SFI publishes 2009 annual report
by Annika Pham
The Swedish Film Institute’s (SFI) Facts and Figures 2009 – providing in-depth information about last year’s film year in Sweden (including on admissions, production, distribution and festival news) – is now online.
As SFI CEO Cissi Elwin Frenkel stressed in the report introduction, 2009 was “a unique and exceptional year” for Swedish cinema, with one in three tickets sold for a Swedish film, thanks largely to the Millennium trilogy. For Elwin Frenkel, the SFI succeeded in raising the quality of Swedish films, which led to a high number of admissions and festival awards for films such as The Girl [+see also:
interview: Fredrik Edfeldt
film profile], Burrowing [+see also:
film profile] and The Ape [+see also:
However, the head of the SFI also sounded a reminder that the Swedish film sector still remains highly underfinanced and is in urgent need of an extra SEK100 million (nearly €10.4m) cash injection from the State. This extra money would go towards raising the SFI’s share in financing a film from 22% in 2005 and 36% in 2009 to around 40%. Around SEK15 million (€1.55m) of the SEK100 million would be earmarked for documentaries.
In terms of theatrical releases, 42 Swedish features were distributed in 2009, of which 14 were by first-time directors. Admissions for Swedish films reached 5.69 million, for a 32.7% market share. US films had a market share of 53.9%, the UK 7.3%, Australia 2.2%, France 1.4% and Italy 0.5%.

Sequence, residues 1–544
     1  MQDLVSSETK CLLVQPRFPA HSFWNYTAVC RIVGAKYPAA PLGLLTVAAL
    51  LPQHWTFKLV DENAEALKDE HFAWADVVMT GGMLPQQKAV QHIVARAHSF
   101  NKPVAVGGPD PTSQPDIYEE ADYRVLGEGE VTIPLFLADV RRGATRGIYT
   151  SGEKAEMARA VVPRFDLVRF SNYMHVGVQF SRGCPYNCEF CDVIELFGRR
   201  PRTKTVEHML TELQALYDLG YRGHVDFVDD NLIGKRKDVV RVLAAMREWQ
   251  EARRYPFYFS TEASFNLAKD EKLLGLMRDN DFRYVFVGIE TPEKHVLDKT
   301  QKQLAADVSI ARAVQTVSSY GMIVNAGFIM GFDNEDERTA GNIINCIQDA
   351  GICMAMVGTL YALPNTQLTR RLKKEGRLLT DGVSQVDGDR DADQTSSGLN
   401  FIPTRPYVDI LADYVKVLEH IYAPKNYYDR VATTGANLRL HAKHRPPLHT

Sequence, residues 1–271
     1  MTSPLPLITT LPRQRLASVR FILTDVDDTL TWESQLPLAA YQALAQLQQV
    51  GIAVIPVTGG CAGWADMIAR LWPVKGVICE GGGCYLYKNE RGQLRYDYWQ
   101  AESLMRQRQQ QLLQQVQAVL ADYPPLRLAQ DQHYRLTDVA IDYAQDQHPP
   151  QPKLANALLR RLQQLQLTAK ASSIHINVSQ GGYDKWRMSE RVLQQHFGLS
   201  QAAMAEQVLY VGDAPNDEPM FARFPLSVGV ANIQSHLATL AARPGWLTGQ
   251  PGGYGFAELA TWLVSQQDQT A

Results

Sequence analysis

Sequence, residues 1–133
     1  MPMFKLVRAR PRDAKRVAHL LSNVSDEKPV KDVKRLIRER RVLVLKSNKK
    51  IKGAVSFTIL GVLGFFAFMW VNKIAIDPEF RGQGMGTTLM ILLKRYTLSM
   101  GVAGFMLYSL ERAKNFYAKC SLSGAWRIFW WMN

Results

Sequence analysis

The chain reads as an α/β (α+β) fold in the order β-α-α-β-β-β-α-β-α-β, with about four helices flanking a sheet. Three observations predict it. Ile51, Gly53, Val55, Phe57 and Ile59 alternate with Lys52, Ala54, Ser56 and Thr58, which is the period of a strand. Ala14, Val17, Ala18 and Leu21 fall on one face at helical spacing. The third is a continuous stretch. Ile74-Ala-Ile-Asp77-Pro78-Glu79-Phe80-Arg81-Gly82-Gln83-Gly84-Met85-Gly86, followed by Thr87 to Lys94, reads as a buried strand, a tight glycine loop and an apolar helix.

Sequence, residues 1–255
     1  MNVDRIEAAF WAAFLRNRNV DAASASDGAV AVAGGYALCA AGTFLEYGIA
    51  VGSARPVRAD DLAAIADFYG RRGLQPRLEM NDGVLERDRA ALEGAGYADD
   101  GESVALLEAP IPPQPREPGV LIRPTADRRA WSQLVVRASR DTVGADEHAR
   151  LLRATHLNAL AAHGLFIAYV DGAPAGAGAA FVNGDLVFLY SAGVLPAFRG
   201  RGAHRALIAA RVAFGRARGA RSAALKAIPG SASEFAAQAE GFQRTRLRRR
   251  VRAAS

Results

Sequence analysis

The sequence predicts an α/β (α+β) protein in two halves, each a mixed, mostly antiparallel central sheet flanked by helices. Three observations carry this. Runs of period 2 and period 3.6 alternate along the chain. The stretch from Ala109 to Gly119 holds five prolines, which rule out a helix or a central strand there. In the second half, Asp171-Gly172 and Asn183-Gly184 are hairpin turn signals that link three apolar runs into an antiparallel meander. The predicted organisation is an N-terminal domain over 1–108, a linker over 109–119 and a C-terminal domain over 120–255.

The five most successful (non-Swedish) European films were Harry Potter and the Half-Blood Prince [+see also:
film profile] (over 754,000 admissions for Warner Bros.), Slumdog Millionaire [+see also:
interview: Danny Boyle
film profile] (197,401 admissions – SF Film), Brüno (188,436 - Nordisk Film), Coco Before Chanel [+see also:
film profile] (63,059 - SF Film) and Gomorrah [+see also:
interview: Domenico Procacci
interview: Jean Labadie
interview: Matteo Garrone
film profile] (58,971 - NonStop Entertainment).
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